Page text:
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Row over electoral law amendments

November 14th, 2020

A pro-government columnist finds opposition criticism of the amendments proposed to the electoral law groundless and even absurd, arguing that the proposal targeting tiny pseudo-parties. A liberal commentator agrees that the proposed changes are not all unfavourable for the opposition, but nonetheless deems it problematic that the government tables such important policy reforms under the coronavirus emergency.

The government’s proposed amendments to the electoral law (BudaPost November 13) stipulate that in order to create national lists, parties need to field candidates in at least 50 of the 106 individual constituencies. At present, they are required to have candidates in only 27 districts. The proposed amendments would also allow taking photos of the ballots in the booths for ‘personal’ purposes.

Government politicians argue that the changes proposed make it more difficult for tiny pseudo-parties to run in the election with the sole aim of receiving public campaign funding. The lifting of the ban on taking photos of the ballots is explained by EU regulations that allow individuals to disclose their votes if they so  wish. Opposition parties have called on the government to withdraw the bill as they believe that it will weaken democracy. The opposition also complained that such important amendments were tabled after the introduction of the coronavirus emergency rules, which preclude the organisation of demonstrations or the collection of signatures to protest.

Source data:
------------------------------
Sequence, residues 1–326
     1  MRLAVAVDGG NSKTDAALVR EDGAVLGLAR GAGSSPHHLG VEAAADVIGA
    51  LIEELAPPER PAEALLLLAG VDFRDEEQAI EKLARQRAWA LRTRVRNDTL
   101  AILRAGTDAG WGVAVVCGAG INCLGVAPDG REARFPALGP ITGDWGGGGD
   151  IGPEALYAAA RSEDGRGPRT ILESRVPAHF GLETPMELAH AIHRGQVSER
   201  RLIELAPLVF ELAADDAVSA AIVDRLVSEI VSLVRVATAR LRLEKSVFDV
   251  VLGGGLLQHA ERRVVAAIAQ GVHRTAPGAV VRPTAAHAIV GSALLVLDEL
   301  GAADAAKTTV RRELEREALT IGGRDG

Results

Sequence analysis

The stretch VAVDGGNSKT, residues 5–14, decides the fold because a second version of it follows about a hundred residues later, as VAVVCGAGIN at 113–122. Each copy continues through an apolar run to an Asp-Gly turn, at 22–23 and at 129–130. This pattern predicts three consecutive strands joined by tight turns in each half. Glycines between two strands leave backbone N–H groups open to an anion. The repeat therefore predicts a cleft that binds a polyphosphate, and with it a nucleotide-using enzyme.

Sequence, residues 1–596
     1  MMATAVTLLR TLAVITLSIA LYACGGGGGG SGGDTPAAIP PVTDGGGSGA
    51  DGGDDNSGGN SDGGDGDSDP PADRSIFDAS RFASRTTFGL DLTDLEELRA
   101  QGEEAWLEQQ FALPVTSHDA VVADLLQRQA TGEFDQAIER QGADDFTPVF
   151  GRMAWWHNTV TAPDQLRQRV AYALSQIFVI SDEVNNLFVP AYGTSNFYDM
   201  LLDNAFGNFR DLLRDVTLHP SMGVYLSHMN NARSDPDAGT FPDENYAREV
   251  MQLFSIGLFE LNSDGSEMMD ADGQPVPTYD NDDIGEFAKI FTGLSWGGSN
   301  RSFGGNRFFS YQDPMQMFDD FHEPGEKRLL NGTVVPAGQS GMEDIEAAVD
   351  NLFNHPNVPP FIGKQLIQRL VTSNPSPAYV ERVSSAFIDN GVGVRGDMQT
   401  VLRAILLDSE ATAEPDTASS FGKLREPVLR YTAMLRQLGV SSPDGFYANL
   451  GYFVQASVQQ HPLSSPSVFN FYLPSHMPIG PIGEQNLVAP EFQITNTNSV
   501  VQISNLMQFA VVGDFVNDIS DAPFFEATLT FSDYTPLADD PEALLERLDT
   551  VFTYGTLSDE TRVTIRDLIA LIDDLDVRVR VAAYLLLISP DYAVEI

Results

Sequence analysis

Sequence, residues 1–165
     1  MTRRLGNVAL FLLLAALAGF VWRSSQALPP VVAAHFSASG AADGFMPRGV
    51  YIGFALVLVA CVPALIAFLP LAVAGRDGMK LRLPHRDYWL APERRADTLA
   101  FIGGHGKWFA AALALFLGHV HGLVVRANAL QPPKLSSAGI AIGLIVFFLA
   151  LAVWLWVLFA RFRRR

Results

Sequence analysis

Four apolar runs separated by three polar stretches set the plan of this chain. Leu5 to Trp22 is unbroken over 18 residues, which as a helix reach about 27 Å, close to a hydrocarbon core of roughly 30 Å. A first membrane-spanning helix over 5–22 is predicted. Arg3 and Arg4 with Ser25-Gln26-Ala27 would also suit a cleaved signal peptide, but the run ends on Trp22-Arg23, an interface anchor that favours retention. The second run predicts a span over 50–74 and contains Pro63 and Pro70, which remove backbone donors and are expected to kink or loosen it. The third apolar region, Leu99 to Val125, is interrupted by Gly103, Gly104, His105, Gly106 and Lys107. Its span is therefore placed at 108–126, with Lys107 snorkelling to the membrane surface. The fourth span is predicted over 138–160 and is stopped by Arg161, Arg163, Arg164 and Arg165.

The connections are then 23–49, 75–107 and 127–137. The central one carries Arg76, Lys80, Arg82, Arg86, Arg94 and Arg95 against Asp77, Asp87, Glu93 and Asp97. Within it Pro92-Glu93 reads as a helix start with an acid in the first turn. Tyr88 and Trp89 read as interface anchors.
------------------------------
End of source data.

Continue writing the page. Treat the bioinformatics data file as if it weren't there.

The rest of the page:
On 444, Péter Magyar finds it disturbing that the government tabled the amendments after the introduction of the state of emergency, but does not believe that the proposed changes to the electoral law, in their current shape,  would harm the interest of the opposition. After all, the opposition has already been planning to run jointly, or at least in a coordinated fashion, the liberal commentator notes. The government’s proposal will upend the intra-opposition disputes and compel them to run on one or two party lists, he suggests. Magyar, however, fears that the government may introduce new amendments to the electoral law before the 2022 election, if their interests dictate such a move.

Magyar Nemzet’s Zsolt Bayer recalls that the opposition used to accuse government of having introduced the current rules to incentivize small fake parties to run and take votes from the opposition. Now that the regulations are to be revised and fake parties are targeted, the opposition is unhappy again, the pro-government pundit writes. Most opposition parties have already been advocating running on a single opposition party list to challenge Fidesz, he notes. In light of all this, Bayer sees the opposition’s criticism of the proposed amendments as absurd and groundless.



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